Department of Justice officials gave official approval Thursday to the FBI’s practice of blocking access to data and documents in a decision that DOJ Inspector General Michael Horowitz said “undermines” his ability to do his job and violates the will of Congress.
“Today’s opinion by the Office of Legal Counsel undermines the IG’s independence, which is a hallmark of the Inspector General system and is essential to carrying out the IG’s oversight responsibilities under the Inspector General Act,” Horowitz said.
“The OLC’s opinion restricts the IG’s ability to independently access all records in the Justice Department’s possession that are necessary for our audits, reviews, and investigations, and is contrary to the principles and express language set forth in the Inspector General Act,” Horowitz said.
The much-anticipated OLC memorandum said the FBI can use the Patriot Act to withhold wiretapping, surveillance and credit records from the DOJ IG.
After a years-long battle with the FBI over these types of records, Horowitz and other inspectors general had hoped for a very different outcome in a decision that could have negative ripple effects for other inspectors general appointed to expose waste, fraud and abuse.
The OLC opinion also claims Section 218 of the DOJ’s current budget, which prohibits any agency within the department from using its budget to block IG access, was insufficiently clear.
But Horowitz strongly disagreed, saying “Congress meant what it said when it authorized Inspectors General to independently access ‘all’ documents necessary to conduct effective oversight. Without such access, our office’s ability to conduct its work will be significantly impaired, and it will be more difficult for us to detect and deter waste, fraud, and abuse, and to protect taxpayer dollars. We look forward to working with the Congress and the Justice Department to promptly remedy this serious situation.”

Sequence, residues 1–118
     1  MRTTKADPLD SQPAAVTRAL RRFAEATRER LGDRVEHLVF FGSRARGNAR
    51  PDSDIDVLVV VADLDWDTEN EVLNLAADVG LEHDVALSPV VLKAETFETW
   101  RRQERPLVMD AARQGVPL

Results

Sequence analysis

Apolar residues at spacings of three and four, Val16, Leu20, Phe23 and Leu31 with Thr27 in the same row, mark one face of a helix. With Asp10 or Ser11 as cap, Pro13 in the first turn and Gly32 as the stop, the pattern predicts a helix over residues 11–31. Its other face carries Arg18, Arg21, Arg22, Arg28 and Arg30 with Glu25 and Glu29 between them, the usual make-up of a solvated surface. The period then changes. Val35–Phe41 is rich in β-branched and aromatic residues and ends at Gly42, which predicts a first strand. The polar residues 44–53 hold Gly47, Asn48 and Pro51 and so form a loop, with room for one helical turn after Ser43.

Horowitz is also chairman of the Council of Inspectors General on Integrity and Efficiency, which represents the government’s 72 IGs. The IG system was created by Congress and President Carter in 1978.
Members of Congress and IGs have been waiting on the OLC to issue an opinion for more than a year. Forty-seven IGs told Congress in a signed letter last August that they were too often being blocked by executive branch officials.
Department of Homeland Security Inspector General John Roth told the Daily Caller News Foundation last week that a decision in favor of the FBI over the DOJ’s IG would have serious consequences.
“Access to information is the lifeblood of what we do for effective oversight, and any impediment for getting information would be a serious impediment to effective oversight,” Roth said.
Now, DOJ IG investigators will need approval from the DOJ to access DOJ records that could reveal waste, fraud or abuse within the department.
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